Wednesday, 6 May 2009

Organic heritage lettuce outperforms commercial counterparts

I love the organisation Garden Organic - I really do. (And I'm not getting paid to write this, either). People at G.O. have been such a support and inspiration for me, since I joined, and got into veg growing, just four years ago. I suppose I'm still a beginner, compared to many. At any rate I'm still learning lots. About life. Still making mistakes. Oh, and I'm learning about lettuce too.

Apart from a brief fling with 'Winter Density' - as far as lettuces are concerned so far I've stuck solidly to my Little Gems. They're the right size for a quick lunch.
But there are lots of other varieties out there to try. Charlotte at Garden Organic sent me these lovely photos. This one is called the 'George Richardson' lettuce - in honour of it's owner, who donated the seed to Garden Organic's Heritage Seed library after his death in 1997. Mr. Richardson had been growing the variety and saving its seed for over 60 years.
Garden Organic gives us a bit of background on this one, too. They say that:

'A collection of heritage lettuce varieties has outperformed their commercial counterparts in new findings by the UK’s leading organic growing charity.In research trials carried out by Garden Organic, funded by the EU, the charity found that twelve heirloom accessions from its Heritage Seed Library collection performed better than the next best commercial standard by showing greater ability at withstanding poor weather conditions and downy mildew, as well as the scrutiny of taste tests.

Garden Organic’s Heritage Seed Library, which has been protecting endangered vegetables under threat from extinction since the 1970s has a collection of over 800 vegetable varieties of which seed can no longer be bought. In this latest research, part of a EC-funded project aiming to stimulate the use of the genetic resources of European leafy vegetables, the organisation took lettuces from its own collection and trialled them against several commercially available ‘standard’ varieties to see which would show most promise against a range of criteria.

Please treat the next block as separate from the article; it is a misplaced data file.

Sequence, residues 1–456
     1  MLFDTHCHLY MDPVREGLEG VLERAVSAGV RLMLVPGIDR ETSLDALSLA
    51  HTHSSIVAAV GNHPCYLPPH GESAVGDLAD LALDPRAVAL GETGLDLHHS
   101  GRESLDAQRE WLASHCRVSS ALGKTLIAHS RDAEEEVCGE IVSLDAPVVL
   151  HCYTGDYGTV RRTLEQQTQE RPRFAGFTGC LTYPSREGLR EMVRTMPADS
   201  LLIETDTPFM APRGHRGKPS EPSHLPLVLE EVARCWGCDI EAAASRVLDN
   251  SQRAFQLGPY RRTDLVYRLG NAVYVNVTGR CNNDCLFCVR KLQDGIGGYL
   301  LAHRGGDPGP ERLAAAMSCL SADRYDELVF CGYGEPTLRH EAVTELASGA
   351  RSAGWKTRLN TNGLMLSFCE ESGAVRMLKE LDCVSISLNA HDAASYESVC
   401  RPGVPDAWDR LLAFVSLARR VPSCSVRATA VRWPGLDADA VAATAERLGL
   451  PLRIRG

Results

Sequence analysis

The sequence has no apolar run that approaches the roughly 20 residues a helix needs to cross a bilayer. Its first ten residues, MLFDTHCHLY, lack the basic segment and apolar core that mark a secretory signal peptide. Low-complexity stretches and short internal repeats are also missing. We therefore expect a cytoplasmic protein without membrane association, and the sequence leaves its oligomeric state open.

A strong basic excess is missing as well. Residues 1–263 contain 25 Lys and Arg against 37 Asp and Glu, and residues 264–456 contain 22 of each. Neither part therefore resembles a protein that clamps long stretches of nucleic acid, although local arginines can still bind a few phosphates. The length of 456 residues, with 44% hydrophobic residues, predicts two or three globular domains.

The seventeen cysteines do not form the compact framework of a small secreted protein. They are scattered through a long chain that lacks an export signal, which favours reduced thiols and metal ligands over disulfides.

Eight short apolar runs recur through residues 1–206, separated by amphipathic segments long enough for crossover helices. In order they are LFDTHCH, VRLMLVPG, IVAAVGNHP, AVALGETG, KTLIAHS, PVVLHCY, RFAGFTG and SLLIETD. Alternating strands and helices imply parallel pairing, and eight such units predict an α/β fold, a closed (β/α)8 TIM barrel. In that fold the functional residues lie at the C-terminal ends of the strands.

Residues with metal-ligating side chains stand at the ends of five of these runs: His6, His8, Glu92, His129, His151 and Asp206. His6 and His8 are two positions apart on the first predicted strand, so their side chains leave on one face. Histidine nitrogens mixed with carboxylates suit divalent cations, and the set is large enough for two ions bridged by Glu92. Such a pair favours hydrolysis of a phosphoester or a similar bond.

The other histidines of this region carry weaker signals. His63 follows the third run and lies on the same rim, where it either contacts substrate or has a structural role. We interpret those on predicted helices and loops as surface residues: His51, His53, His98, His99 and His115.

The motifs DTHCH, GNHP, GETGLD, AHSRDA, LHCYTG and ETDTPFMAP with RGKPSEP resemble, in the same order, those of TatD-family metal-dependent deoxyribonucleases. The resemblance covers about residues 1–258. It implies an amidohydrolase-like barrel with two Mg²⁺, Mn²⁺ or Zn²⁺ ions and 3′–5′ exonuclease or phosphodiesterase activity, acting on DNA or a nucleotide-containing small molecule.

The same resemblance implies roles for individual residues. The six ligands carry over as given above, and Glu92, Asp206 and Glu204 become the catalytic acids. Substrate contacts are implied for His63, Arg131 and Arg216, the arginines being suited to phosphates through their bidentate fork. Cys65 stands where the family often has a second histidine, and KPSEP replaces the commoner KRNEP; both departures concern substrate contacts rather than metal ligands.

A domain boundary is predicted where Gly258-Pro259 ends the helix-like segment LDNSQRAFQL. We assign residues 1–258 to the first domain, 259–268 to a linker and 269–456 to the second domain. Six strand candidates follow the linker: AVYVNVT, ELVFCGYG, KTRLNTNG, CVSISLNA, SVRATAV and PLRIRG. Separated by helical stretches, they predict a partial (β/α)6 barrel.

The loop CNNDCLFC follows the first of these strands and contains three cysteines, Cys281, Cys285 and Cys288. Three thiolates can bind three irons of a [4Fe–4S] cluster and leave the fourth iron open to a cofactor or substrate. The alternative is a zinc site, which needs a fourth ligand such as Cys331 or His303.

Despite the commercial lettuces being bred to withstand certain types of disease and weather conditions, a recurring top contender proved to be an heirloom Cos lettuce variety known as ‘George Richardson’. The lettuce, which was named after its owner, was donated to Garden Organic’s Heritage Seed Library after his death in 1997. Richardson had been growing the variety and saving its seed for over 60 years.

During the trials, in which infection levels of downy mildew (the most damaging disease to lettuce) were recorded, George Richardson was given a rating of 7.5 on a 1-9 scale, where 1 =100% infection and 9 = 0% infection. Only one other commercial variety narrowly beat this – the variety Kitare - with a score of 8. George Richardson also performed outstandingly on the taste panel, coming out well on top, with an average pleasantness score of 4.6 on a 1-5 scale, Kitare, incidentally scored only 2.

Convincingly, George Richardson also withstood frosts well, showing almost no damage to its leaves after a minus –5C frost.And it wasn’t just George Richardson, other lettuce varieties from the charity’s collection also did well including Bunyard’s Matchless, Bronze Arrow and Rouge D’Hiver.

Phil Sumption, Research Officer at Garden Organic, said,

“The research results were surprising and clearly showed the potential of heritage or landrace varieties. With climate change we need varieties that are robust and those from our Heritage Seed Library performed well under severe weather and disease pressure. Garden Organic is confident that there is potential for re-introducing some of the varieties or using them in breeding programmes in the future.”Ironically, last year’s particularly poor, wet weather, in which the charity’s Heritage Seed Library lettuces performed so well, almost led Garden Organic’s researchers to abandon the trials. However persistence paid off and the charity will now build upon the findings from this research by getting growers to trial the promising varieties by growing them on commercial holdings.

For more information on Garden Organic’s research please visit this link.

1 comment:

  1. Interesting research that isn't it, just shows that the new varieties don't have it all their own way.
    I'd posted a link up to it as well, lets hope folk are encouraged to read the research report.


Comments here. Thanks.